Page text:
> statistically humans have one testicle. It's statistically true but pragmatically useless.

A funny quip that highlights more misapplication of statistics than a deep truth of the quantitative realm. Yes, the mean is a statistic. But bi-modality is also something good statisticians (and economists!) pay attention to.

Oh of course completely agree. The problem though is that it then comes down to the individual rather than the field as a whole.

The widely-used representative agent paradigm more or less does assume that everyone has one testicle.

Meh, thus the push for expressing heterogeneity over the past few decades in the literature. Sample papers: [0] [1]

[0] http://siteresources.worldbank.org/DEC/Resources/JDSAntmanMc...

[1] http://sedici.unlp.edu.ar/bitstream/handle/10915/3512/Docume...

> It is my guess that Economics in the future in many ways will be seen the same way many of us sees astrology. As something which is really good at finding correlation but very bad at exposing any causation.

On the contrary, econometrics is mostly about telling spurious relations from cause-and-effect, while making predictions is of relatively little interest. This is in contrast with other fields such as AI where making accurate predictions seems to be the main aim and understanding is secondary.

Understanding the future by understanding the past is the classic mistake of economics. It is this unfounded premise that has led them far far away from anything useful.

You could claim the same thing about Astrology. Doesn't change that it's fundamentally not a very useful disciplin to explain anything about the future what so ever and thus as a tool for deciding about the future more or less useless.

Excuse me, but this is a lot of nonsense. All empirical sciences infer the future from past observations.

and most of them fail including ecomics exactly because human systems arent adheering to the same simple rules as ex natural sciences.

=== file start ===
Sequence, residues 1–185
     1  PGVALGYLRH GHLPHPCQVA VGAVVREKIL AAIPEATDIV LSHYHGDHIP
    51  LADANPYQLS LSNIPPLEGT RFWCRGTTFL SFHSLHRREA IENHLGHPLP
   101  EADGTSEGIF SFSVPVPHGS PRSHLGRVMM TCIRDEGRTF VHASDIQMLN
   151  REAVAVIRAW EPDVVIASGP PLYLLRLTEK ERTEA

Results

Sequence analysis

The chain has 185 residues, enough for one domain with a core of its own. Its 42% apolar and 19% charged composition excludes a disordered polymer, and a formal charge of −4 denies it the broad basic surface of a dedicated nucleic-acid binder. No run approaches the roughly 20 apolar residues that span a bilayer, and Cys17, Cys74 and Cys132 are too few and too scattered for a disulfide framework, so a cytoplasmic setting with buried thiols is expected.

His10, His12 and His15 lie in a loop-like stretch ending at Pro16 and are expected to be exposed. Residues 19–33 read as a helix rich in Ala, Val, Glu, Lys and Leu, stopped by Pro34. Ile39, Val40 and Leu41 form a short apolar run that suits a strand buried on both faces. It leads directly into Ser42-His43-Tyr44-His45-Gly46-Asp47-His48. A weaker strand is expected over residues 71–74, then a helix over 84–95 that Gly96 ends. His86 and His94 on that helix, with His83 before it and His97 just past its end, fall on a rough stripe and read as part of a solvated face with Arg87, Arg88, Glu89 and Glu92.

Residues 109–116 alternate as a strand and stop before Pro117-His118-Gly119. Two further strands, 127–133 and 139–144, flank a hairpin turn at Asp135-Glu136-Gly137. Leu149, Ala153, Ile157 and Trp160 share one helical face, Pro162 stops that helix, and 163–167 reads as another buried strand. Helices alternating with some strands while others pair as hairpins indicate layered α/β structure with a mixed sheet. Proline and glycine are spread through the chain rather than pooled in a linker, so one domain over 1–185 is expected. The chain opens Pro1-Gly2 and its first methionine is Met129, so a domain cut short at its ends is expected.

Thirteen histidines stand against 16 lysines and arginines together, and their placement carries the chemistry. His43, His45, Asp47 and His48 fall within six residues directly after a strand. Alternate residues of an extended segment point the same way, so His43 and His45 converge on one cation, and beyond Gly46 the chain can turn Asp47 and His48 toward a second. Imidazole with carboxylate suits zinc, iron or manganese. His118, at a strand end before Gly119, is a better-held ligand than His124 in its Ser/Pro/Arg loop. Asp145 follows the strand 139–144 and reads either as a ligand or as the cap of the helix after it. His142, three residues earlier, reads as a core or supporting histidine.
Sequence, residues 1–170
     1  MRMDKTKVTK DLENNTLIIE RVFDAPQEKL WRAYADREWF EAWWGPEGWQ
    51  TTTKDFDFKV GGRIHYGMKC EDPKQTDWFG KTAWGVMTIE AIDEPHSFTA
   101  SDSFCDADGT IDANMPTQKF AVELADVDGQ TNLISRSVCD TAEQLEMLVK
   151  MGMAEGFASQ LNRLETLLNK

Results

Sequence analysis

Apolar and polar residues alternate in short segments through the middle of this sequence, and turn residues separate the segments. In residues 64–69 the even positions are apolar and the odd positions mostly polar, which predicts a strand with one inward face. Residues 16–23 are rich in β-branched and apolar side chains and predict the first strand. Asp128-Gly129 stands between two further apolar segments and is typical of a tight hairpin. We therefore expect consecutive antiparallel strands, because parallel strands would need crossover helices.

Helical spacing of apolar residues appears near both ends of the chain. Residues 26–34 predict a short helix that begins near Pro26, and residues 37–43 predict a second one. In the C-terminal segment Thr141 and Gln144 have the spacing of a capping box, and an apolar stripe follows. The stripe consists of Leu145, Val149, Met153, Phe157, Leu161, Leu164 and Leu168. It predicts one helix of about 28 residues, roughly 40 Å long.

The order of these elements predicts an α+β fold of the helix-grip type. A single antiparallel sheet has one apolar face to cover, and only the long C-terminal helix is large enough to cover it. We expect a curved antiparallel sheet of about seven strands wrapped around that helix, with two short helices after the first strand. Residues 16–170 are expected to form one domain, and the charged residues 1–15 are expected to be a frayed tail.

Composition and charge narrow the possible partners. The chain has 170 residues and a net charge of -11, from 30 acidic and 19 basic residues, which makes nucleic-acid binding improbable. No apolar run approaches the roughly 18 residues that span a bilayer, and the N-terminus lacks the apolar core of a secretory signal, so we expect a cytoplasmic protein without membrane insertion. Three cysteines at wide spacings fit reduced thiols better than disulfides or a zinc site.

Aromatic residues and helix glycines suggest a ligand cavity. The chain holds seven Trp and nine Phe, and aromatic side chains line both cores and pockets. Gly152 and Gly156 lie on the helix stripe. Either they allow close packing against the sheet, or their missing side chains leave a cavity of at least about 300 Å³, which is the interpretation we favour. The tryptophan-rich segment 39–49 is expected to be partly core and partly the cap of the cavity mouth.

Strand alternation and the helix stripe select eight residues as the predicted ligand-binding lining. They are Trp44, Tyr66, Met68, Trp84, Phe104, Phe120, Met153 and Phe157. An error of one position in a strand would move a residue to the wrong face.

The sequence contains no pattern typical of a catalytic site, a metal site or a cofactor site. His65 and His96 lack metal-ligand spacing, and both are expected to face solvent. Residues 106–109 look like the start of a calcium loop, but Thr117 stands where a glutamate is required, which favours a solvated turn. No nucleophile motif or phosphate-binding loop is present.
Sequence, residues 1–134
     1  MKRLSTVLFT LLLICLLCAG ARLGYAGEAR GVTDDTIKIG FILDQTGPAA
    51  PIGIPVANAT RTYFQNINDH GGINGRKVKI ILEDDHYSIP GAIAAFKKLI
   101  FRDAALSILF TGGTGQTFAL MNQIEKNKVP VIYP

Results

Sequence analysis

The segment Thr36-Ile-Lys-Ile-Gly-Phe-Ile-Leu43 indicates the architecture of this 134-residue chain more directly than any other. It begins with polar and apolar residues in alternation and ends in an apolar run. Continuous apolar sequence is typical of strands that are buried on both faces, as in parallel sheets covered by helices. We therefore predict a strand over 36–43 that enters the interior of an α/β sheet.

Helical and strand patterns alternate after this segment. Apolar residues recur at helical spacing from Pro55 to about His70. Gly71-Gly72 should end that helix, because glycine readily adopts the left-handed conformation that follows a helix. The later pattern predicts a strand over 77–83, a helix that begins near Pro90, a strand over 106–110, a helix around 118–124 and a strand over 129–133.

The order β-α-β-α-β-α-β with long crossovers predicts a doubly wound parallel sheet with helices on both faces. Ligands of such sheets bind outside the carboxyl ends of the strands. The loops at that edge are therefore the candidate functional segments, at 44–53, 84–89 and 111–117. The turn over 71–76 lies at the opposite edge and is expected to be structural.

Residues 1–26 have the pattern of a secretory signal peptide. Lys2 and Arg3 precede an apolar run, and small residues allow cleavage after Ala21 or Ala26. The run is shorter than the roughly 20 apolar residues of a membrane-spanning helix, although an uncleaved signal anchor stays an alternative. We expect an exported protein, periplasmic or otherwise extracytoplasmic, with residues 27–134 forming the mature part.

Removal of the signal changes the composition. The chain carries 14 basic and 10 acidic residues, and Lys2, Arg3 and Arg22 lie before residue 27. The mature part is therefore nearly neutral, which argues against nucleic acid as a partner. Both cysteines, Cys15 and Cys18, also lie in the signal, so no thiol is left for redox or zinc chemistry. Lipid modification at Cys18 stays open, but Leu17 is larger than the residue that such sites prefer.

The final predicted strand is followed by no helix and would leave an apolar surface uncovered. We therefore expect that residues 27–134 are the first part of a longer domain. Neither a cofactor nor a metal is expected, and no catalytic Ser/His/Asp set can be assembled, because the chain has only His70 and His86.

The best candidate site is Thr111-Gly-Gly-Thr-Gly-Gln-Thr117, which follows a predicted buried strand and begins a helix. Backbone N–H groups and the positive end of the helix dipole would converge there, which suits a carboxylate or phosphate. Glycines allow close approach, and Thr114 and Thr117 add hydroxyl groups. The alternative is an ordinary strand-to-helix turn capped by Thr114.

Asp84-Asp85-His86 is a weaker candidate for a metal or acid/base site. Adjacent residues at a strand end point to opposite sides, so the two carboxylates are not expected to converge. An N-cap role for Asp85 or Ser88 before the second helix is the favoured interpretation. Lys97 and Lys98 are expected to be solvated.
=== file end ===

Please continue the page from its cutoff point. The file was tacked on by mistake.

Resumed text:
Gonna leave this here:


Yeah, it seems dodgy. But he moved to focus on his Patreon page as his older blog got spam flooded.

If economic theory was so bad as it is often implied any idiot could come up with a better theory and replace the one that we have now. The fact that this doesn't happen would suggest that it isn't that bad.

All you've established is that economics is better than some random idiot. Hardly sufficient reason to accept the opinions of economists as hard science.

The fact of the matter is, as many economists themselves will admit, economic theories suffer from both poor predictive power and poor falsifiability.

This is by no means a knock against economists. They can still provide valuable insight. But they don't have automatic authority over a reasonably informed layman.

So it looks that pretty much everybody here actually graduated in theology instead of science (as claimed). If not, are you sure to know enough of theology to call upon it ?

I studied economics through the backdoor, starting with game theory, then (around 2008, because "no one saw it coming") generalizing to economics, political economics and politics.

If you go that way, you will inevitably end up subscribing Austrian economics (and also libertarian justice/politics) which is basically a non-existent area in mainstream economics but is the only consistent theory and kind of automagically leads to many of Taleb's criticisms (e.g., second order effects).

For the interested I recommend as an introduction:

- Atlas shrugged (A. Rand, for those who have time) - Economics in one lesson (H. Hazlitt, for those who don't have time)